In just about any weather short of a full typhoon, day or night, an aircraft carrier can engage in battle. Flight crews and deck personnel train hard for operations in every condition and environment. In modern warfare, you cannot expect the enemy to wait for a nice day. In fact, just the opposite is true: troops will move and attack under the cover of darkness, in bad weather, and without warning. The ability to take the battle to the enemy, in all conditions, is as much an offensive as a defensive advantage.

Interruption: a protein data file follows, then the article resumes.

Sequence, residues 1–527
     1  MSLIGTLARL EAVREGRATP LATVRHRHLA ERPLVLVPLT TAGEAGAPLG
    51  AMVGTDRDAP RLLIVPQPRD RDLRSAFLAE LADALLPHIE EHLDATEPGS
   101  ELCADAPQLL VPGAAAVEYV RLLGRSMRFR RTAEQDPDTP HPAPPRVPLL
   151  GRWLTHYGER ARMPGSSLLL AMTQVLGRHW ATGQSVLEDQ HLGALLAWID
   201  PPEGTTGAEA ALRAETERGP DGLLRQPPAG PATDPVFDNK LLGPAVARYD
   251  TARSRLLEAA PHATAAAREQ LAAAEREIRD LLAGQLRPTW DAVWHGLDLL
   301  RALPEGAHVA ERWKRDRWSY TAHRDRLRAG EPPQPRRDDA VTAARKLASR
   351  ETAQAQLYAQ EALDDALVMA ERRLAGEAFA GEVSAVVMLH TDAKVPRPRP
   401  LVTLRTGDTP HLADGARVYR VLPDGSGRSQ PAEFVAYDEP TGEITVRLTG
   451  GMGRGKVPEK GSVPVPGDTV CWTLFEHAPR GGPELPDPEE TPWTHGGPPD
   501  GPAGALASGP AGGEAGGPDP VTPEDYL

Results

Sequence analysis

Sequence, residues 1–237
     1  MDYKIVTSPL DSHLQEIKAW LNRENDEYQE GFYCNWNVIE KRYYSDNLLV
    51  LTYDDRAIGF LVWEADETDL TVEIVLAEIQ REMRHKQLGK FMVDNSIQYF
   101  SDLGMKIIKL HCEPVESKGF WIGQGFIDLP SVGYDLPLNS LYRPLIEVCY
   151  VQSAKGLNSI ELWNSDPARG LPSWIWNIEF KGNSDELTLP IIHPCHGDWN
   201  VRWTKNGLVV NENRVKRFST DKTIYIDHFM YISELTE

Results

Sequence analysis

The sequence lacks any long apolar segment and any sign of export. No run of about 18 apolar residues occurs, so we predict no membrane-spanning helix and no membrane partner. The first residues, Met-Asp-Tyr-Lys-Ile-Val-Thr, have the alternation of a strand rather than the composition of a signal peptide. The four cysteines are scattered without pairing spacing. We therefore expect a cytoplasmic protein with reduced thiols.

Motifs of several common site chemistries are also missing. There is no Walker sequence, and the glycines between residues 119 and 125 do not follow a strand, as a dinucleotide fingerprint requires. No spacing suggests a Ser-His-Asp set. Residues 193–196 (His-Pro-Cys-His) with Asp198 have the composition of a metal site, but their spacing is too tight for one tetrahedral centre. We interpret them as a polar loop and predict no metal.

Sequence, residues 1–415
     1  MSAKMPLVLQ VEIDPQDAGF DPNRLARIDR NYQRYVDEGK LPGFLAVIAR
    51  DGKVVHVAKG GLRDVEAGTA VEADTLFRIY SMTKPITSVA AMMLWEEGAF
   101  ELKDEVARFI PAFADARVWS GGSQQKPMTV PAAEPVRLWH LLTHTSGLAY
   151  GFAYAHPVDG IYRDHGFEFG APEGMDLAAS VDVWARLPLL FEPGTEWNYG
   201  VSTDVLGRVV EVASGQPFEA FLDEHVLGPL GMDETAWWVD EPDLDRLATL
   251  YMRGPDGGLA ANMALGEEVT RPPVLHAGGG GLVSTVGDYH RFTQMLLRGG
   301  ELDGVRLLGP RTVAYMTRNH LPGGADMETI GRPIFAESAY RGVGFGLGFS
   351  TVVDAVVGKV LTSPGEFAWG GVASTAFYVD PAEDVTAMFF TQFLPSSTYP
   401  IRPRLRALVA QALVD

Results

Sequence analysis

Night ops are among the most dangerous and frequently practiced. It doesn't take much to understand why -- imagine landing on the pitching deck of an aircraft carrier in the blackness of midnight or launching off the ship into the utter darkness ahead on a moonless night, also called the "night cat shot". The decks are so narrow that a small error can create a collision with the ship's superstructure. Larger planes like the E-2C have a particularly critical problem with less than three feet of clearance to the side. Landing just a touch off centerline will rip off a wing and flood the decks with aviation fuel.